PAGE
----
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This section contains detailed information and advice on the problems that consumers often experience with their broadband Internet Service Provider (ISP) and how to get them resolved.
 Complaint Topics
 Frequent or Lengthy Broadband Connection Faults
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As explained in the introduction to this section, it's natural to experience the odd period of total connectivity loss (usually lasting anything from several minutes to a few hours) because modern broadband networks are highly complicated and do from time to time suffer faults; there is no avoiding this.

But sometimes consumers may also experience a serious loss of connectivity that is either extremely frequent or which continues for several days and, in the most extreme cases, several weeks or months. Major Service Outages (MSO) like this can have a variety of potential causes.

Common Causes for Major Service Outages (MSO)

* Mistakes caused by a telecoms engineer (e.g. bad configuration or hardware at the local telephone exchange, street cabinet or node).

* Cut or damaged telecoms cables, which are usually caused by third-party contractors (house builders, road works etc.). Related issues often need extensive street works and as such they can take anything from a few days to several weeks to completely resolve (there are examples of such problems taking months to fix in isolated rural areas).

* Damage to the telecoms infrastructure caused by major storms (flooding, gale force winds, lightning etc.).

* Problems with authentication caused by the ISPs radius server becoming faulty (i.e. inability to connect due to a rejected login attempt). But ISPs usually fix these quite quickly.

* Faulty home / office router hardware.

* Disputes between ISPs and their suppliers (e.g. unpaid bills).

* Poor home telecoms wiring or persistent interference (EMI), most often caused by nearby third-party electrical devices (faulty AC adapters, twinkling Christmas tree lights etc.) or even passing high-speed trains (some of these can cause repeated disconnections and may be harder to identify).

When an MSO occurs your first port of call should always be to try and exclude your own hardware and software as the cause because the problem might not be the fault of your ISP. Start by checking your connection hardware (router or modem), which when working will usually show a bright green icon for a live / functional Internet connection (this may be off or coloured Yellow or Red when problems occur).

It's also worth trying another router or turning the device off and on again (after 10 minutes) to see if that fixes the issue (try not to do this often as some lines react badly to repeated reboots). After that we'd try connecting the computer to one of your router's wired (LAN) Ethernet ports instead of using WiFi, which should rule out your wireless network as the cause. Finally, we'd recommend asking one of your neighbours if they're experiencing similar troubles (a major area fault might be to blame if they're having the same difficulties).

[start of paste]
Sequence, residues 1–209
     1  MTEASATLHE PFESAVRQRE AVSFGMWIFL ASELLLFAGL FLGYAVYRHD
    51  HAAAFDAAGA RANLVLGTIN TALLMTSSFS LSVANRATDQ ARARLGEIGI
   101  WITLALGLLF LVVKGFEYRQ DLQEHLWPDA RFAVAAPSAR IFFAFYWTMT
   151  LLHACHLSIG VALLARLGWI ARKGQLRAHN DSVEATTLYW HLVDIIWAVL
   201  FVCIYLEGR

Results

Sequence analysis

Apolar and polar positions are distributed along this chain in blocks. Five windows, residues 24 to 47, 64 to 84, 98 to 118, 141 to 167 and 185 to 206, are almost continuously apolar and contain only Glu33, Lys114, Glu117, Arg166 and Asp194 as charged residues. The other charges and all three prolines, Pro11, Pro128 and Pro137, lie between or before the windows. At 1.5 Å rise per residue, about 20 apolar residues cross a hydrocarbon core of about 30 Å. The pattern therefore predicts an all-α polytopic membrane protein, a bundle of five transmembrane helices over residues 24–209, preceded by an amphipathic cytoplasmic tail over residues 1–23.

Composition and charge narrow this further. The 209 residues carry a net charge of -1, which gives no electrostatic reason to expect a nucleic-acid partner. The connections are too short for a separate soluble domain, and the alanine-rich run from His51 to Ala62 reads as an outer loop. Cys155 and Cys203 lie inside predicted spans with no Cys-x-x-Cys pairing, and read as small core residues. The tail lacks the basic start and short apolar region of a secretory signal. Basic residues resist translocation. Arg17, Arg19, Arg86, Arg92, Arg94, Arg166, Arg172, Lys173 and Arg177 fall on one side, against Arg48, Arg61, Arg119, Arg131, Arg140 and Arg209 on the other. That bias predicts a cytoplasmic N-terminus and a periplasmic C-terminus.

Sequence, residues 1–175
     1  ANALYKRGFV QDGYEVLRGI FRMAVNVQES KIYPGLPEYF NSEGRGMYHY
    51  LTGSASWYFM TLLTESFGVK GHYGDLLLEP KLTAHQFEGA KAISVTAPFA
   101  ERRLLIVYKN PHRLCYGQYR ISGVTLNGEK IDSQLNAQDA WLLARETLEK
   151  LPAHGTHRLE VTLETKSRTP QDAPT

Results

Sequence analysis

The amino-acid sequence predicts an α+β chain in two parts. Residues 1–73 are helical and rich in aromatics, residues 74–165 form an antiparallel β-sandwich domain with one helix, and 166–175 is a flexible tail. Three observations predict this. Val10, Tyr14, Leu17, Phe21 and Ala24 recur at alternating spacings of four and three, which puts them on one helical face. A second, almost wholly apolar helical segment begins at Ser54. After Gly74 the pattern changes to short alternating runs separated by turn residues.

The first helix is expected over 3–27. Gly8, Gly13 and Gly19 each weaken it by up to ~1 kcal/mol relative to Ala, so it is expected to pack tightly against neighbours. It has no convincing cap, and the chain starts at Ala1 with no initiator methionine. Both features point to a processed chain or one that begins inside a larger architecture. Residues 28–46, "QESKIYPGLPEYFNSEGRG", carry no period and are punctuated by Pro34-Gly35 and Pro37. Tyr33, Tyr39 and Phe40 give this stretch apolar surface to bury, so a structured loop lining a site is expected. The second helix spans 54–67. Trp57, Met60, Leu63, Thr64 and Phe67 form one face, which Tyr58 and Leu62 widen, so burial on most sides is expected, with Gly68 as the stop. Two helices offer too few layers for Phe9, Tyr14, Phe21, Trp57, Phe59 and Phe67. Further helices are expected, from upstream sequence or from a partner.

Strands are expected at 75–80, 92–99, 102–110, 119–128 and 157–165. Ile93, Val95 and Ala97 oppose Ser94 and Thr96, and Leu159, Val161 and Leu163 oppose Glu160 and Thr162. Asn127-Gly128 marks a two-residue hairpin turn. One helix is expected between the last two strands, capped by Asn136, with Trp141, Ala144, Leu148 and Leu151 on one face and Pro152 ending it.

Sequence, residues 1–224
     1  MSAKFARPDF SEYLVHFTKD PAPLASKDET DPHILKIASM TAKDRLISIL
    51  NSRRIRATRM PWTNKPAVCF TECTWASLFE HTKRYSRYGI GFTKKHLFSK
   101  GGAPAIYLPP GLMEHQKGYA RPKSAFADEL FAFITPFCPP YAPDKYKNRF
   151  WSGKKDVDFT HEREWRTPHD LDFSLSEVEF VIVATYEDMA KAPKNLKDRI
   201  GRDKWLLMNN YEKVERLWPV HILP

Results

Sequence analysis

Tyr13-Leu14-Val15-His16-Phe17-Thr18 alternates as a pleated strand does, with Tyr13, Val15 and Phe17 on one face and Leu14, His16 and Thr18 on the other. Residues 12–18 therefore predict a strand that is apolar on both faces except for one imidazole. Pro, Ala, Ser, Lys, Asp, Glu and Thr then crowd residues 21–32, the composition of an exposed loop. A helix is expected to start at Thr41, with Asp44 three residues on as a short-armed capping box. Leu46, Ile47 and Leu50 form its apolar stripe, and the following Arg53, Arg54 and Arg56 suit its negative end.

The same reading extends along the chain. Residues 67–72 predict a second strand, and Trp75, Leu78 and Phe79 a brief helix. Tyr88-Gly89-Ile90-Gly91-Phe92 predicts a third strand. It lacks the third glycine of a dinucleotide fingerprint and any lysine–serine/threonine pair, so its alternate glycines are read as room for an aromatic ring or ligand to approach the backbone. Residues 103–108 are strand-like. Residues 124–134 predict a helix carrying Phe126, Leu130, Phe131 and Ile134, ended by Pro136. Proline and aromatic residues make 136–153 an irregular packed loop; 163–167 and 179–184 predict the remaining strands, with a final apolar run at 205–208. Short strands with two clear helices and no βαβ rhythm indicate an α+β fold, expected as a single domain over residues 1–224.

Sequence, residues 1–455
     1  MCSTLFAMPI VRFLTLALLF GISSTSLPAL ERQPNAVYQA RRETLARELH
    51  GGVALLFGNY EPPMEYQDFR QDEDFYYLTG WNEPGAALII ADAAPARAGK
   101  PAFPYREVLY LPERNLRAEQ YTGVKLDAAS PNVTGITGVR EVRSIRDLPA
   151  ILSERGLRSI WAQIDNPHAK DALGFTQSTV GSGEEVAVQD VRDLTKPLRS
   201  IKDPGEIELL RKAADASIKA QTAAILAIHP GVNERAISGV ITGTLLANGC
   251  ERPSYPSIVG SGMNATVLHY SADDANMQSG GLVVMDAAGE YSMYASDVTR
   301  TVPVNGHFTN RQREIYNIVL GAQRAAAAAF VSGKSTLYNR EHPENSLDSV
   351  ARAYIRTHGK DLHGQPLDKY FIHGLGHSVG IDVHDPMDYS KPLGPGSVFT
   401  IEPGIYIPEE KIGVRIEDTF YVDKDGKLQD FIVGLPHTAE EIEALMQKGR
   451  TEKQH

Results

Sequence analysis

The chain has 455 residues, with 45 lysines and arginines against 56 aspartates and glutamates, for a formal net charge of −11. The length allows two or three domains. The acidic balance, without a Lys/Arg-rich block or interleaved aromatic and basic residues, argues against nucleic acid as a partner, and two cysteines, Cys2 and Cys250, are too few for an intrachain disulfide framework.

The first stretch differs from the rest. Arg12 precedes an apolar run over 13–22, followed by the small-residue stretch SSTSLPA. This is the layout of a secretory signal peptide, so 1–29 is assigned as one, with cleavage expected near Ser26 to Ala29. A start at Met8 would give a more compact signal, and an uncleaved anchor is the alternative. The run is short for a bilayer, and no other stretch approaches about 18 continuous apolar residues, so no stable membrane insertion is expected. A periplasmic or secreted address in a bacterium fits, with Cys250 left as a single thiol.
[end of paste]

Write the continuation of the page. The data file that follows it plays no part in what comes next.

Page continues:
At this point we'd probably try to get online using a Smartphone via Mobile Broadband (3G / 4G) and then go to the ISPs Service Status page in order to check if the problem is listed (we make a note of the status pages on our individual ISP listings), although it can sometimes take several hours before ISPs even register such an issue on their status page(s). Most ISPs also operate support lines and customer discussion forums, which may contain similar reports.

However many of the biggest outages may not actually be the fault of your ISP and could instead relate to the underlying infrastructure provider, which in the vast majority of cases will be BTOpenreach. Only a few ISPs operate their own core infrastructure, such as Virgin Media and a number of alternative operators like Hyperoptic, Gigaclear, B4RN and CityFibre. By comparison customers of BT, Sky Broadband, TalkTalk, EE, Zen Internet and many more depend upon Openreach.

Any issues like those mentioned above should always be discussed with the ISPs support department first, which will be able to run some basic tests and may ask you to conduct a few checks before they escalate the complaint. But remember, the ISP is required to deliver a service and if it fails to do so then this can invalidate the contract and open up an escape to switch ISP, although if the underlying infrastructure is at fault (e.g. Openreach) then migrating to a different provider on the same core network might not help.

The reality is that serious connectivity problems often take time to fix and all the end-user can do is to keep politely moaning about it to your ISP. However it is also possible to gain Automatic Compensation for a total loss of service (here).

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